The Philadelphia School, deterritorialized


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Frank Furness

University of Pennsylvania Library

5. Venturi reenactment at Princeton -- In taking pictures at Princeton yesterday, I saw a real contextual disparity between Wu Hall and the other Wu Hall like building next to the late-modern library. Should Venturi have reenacted the "white" formalist aesthetic of the library rather than easily (facile-ly?) repeat Wu Hall and the collegiate Gothic motifs? Regarding the two lab buildings, does the new lab reenact the older lab? Anyway, all the Venturi labs are variations on a theme.
6. reenactments at Uof P -- I see the Mitchell/Giurgola parking garage reenacting Kahn's Richard's Medical Towers, and the large clerstory at the new Venturi lab reenacting the large (upper) clerstory of the Furness Library tower.
9. infinite collection -- manipulating the new images of the Venturi Best Products Showroom, I again saw a clear example of how I could exploit Quondam's collection in terms of digital "infinitude".
10. hypermural -- I particularly like relating the hypermural to the opening day curtain/stage-set at the Schauspielhaus.

Language & Voice (and context)
...whenever I go to study an original edition of Piranesi's Campo Marzio publication, it is in a Frank Furness building, the Fine Arts Library of the University of Pennsylvania, the place where Louis Kahn held his design studios, and a building recently restored by Venturi, Scott Brown & Associates. Back in the mid-1980s, when I was employed as CAD system manager at U of P's Graduate School of Fine Arts, I had one the coveted balcony offices of Meyerson Hall which offer a majestic view of the Furness Fine Arts Library.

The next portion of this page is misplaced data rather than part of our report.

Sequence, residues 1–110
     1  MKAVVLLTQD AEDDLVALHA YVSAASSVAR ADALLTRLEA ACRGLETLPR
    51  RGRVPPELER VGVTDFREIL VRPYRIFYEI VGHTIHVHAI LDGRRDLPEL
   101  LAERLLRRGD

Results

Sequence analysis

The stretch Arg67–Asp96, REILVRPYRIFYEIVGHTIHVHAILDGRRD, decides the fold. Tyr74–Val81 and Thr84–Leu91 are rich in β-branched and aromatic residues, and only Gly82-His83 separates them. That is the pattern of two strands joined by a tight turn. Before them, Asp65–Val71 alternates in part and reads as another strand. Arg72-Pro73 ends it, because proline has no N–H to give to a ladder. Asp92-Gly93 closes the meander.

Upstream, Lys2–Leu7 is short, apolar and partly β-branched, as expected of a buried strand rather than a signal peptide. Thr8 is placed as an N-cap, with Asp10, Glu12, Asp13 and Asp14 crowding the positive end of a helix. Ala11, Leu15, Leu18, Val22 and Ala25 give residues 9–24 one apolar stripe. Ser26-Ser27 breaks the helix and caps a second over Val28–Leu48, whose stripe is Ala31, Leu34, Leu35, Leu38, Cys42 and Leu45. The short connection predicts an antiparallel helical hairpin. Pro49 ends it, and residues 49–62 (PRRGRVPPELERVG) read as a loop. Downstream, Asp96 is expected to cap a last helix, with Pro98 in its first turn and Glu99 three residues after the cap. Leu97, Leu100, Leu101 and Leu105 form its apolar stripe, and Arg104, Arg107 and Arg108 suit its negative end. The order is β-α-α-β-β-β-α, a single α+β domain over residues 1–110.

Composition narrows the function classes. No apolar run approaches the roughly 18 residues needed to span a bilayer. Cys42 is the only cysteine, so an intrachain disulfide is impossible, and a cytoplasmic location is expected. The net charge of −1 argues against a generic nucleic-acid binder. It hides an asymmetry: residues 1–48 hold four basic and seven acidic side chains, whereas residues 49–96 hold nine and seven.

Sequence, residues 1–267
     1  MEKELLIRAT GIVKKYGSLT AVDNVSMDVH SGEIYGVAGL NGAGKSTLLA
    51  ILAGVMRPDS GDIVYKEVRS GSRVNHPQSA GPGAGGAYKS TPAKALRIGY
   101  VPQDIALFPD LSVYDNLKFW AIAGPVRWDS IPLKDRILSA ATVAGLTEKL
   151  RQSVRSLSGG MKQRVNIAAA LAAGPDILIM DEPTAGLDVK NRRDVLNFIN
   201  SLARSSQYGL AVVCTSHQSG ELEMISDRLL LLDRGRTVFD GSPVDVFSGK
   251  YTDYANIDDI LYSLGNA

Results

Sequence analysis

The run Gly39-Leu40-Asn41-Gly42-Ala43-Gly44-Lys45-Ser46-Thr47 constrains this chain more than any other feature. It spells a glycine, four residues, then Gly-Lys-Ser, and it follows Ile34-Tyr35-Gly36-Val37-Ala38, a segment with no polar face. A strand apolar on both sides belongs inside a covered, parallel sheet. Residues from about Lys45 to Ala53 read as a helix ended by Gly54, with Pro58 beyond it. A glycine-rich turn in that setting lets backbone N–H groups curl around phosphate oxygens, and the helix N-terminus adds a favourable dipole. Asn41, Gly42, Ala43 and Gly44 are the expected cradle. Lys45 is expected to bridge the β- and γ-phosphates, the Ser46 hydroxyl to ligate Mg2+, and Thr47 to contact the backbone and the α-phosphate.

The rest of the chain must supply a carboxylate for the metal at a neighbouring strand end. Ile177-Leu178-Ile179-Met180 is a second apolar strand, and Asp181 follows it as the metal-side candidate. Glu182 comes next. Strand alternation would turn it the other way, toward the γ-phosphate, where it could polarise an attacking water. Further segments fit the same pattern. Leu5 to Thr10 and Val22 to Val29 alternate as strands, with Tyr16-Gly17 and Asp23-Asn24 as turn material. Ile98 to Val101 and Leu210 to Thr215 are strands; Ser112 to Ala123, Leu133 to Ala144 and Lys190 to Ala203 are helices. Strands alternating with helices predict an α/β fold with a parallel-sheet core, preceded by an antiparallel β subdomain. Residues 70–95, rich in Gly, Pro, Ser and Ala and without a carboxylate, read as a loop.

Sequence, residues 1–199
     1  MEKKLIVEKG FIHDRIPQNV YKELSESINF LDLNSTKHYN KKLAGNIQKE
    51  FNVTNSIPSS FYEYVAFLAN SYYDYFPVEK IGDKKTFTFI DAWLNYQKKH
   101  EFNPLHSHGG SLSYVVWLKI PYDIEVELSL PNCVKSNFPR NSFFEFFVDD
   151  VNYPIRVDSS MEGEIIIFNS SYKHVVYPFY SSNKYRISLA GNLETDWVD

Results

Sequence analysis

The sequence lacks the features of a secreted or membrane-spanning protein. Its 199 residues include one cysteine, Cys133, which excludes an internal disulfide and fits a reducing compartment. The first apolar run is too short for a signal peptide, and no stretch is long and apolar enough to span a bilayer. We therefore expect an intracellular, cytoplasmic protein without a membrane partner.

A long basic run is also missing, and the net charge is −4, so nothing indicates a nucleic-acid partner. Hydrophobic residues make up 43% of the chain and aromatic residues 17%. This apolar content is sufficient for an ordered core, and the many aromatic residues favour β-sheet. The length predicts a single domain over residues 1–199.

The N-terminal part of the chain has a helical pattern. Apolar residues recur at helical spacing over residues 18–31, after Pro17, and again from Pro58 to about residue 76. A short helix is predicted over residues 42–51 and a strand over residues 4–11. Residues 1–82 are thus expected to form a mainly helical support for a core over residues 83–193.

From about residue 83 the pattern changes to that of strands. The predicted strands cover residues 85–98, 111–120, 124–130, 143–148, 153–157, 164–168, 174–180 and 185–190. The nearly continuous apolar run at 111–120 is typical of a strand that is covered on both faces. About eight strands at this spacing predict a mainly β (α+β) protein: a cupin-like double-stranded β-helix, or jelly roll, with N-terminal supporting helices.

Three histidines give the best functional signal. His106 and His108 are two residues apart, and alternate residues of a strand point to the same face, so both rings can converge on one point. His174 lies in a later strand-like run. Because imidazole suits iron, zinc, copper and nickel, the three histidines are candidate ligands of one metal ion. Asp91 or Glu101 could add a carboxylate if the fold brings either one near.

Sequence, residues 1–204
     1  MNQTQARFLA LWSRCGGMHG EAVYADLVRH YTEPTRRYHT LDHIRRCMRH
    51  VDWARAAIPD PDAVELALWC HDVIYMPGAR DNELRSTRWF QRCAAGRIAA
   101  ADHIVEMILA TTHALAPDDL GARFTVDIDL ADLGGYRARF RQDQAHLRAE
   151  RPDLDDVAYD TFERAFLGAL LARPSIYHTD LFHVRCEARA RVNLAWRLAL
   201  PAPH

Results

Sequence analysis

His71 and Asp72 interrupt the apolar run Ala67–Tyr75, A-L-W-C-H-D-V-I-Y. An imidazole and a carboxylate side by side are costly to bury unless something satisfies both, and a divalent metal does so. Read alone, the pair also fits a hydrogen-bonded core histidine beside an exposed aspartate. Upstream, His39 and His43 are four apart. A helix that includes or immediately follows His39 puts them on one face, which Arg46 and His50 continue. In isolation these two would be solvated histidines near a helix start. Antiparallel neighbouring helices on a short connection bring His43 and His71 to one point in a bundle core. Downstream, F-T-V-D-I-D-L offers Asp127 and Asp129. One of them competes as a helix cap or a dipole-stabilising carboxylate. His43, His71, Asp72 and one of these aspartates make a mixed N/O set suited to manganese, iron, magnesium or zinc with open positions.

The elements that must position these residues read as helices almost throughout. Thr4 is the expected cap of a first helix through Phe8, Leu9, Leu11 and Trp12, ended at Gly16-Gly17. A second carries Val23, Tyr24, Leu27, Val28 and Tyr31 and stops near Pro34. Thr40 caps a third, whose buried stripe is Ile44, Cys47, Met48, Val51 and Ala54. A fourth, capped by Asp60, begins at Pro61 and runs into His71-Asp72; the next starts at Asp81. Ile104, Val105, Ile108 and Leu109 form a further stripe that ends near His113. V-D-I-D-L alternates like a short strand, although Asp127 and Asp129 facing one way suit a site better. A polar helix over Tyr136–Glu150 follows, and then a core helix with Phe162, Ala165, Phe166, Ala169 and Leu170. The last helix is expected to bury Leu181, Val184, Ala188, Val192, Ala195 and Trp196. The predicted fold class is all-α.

2001.07.25 12:18
Piranesi, Duchamp and Mustard
It was in Philadelphia May 1999 that the director of Quondam - A Virtual Museum of Architecture discovered that Piranesi's Ichnographia Campus Martius is actually a print executed in two (heretofore unknown) states. This discovery was made in the University of Pennsylvania's Fine Arts Library, a building designed by Frank Furness which in the 1960s housed Louis I Kahn's master architecture class and today houses the Louis I. Kahn Archives. The Piranesi Campo Marzio discovery occurred exactly between those two 'Kahn' spaces.

2001.09.13 14:58
Philadelphia churches, etc.
Louis I. Kahn taught his masters architecture class within the Furness Library at the University of Pennsylvania. Kahn refused to teach within the then new (modern) facility of the Graduate School of Fine Arts. Kahn greatly admired Furness.

3. reenact Kahn's Philadelphia via (enlarged) Campo Marzio. Kahn's City Hall + surfaces.
5. Warhol / Kahn at Furness.



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